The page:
Queer Tango Episode 4: Egg-straordinarily Happy


I’ve been a bit under the weather but I hope that you find a egg-tra big smile reading this episode of Queer Tango.

And, whether or not you celebrate Easter, may you have a beautiful, warm feeling of hope, light and happiness today and enjoy a big slice of chocolate!

I’m sending you a big, chocolate covered grin and much love from us.

Big Smiles,

Jody, Em and Ferb. xxx

Queer Tango

Episode 4: Egg-straordinarily Happy

It was very tense inside the little hall of Bumblebridge and the array of dancers in eclectic headwear stumbled around to strains of dated pop music.

Beyond them, through the mist and assorted tea cups was Agnes and her fluffy blue rinse hair. Her steamed spectacles shimmered with the kids’ soft play stash as she furrowed her wise brow. Yes, Agnes had reared eight girls and managed not to throttle their father for sixty odd years and that invaluable egg-sperience had provided her with a key, irreplaceable skill: Chocolate egg making.

So, the dancers stomped and stumbled and clattered into each other with wild abandon as their focus remained upon Agnes’ treasured egg tray. Tango was one thing but high-sugared chocolate goodness surpassed any flounce or twirl… unless it was a chocolate Twirl.

Stan was inspired by this untouchable stockpile and paused, mid-step, to gaze upon his dear love. ‘Your love is more delicious than a chocolate egg,’ he whispered to Gaynor sure that this poem would win her over. ‘More delightful than that gooey filing that gets over your fingers.’

Gaynor spun him, pretty sure that she needed more chocolate to hear yet another poem.

‘Your eyes are deeper brown than my favourite caramel cream,’ he said, hoping she could see it, see just how much he loved her. ‘And your scent is better than those Snicker things upon which Tammy lingers.’

Tammy snorted as she stomped down the room dragging Tracy faster than her feet would go—It was harder with a tag on. ‘I love a good snickers, me.’

Gaynor glared at Tammy until she stomped off and then glowered up at her husband. ‘I love chocolate and to compare it to anything is just disgraceful.’ She put her finger to Stan’s stubbly top lip. ‘How could you, my love, utter such crap.’ She dragged Stan away from Agnes’ table before they got knocked over by Glynnis and Andy. ‘I would rather you say something more tasteful,’ she muttered and turned him toward Paulette and her dodgy CD player. ‘Or have a beer and take a nap.’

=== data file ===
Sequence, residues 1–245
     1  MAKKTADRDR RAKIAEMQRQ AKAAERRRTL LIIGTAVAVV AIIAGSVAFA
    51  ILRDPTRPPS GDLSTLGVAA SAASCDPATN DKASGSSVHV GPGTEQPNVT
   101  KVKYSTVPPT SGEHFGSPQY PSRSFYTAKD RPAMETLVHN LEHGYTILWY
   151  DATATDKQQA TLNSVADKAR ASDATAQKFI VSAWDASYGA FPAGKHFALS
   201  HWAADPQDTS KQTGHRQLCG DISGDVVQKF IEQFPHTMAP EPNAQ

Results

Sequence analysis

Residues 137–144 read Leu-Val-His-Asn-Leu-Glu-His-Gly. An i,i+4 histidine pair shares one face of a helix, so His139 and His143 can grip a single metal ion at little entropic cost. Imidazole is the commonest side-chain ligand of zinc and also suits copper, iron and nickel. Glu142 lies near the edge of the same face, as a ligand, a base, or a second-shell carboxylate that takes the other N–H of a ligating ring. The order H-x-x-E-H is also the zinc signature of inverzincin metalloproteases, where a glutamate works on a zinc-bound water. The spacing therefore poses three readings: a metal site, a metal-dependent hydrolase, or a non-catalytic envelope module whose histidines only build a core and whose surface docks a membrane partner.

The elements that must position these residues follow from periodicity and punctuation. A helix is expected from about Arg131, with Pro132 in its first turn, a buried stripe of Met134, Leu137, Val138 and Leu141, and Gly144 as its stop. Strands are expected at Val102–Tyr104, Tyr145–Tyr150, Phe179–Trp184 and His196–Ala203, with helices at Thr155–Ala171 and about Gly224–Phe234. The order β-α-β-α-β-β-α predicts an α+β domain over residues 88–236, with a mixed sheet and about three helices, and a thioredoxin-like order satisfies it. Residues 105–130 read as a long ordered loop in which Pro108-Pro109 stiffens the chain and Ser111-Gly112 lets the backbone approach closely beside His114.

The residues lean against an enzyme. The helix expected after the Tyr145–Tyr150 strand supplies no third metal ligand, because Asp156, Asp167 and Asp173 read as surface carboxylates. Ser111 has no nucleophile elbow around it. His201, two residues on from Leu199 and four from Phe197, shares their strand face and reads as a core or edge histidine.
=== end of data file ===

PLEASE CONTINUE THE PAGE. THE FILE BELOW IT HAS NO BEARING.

‘Oh, good one,’ Andy said with a snigger as he twirled Glynnis then pirouetted on the spot before catching Glynnis’ hands and swishing along the centre. ‘I got one for you…’ He cleared his throat sure that his mum liked the music Paulette was playing. ‘I once knew a bloke called George,’ he said then smirked across the crowed hall at George who glared back. ‘Who told me I was the hottest chick around.’ Andy tried to keep a straight face as Diane frowned at George. ‘He bought me a drink, and with a smile and a wink.’ Andy giggled to himself. ‘Said there wasn’t a better entertainer to be found.’

‘It was dark and I was hammered,’ George shot at him then smiled at Diane hoping she would take Andy’s annoying comments as teasing.

‘So, anyway,’ Lanie said, ducking under George’s outstretched arm. ‘You have been working loads and I thought you might need a break.’ She dodged around Glynnis’ outstretched foot as Andy slid them into a dramatic pose. ‘Plenty of tracks to cycle down in Witherbottom.’

Miriam nodded, mid-dodge around Tracy’s Welsh hat and once again wondered about Lanie and her cycle addiction. She had worn the helmet to every dance class even when Miriam had offered to just buy her an actual Tango hat—not that she knew what they were called. ‘Are there cars there too?’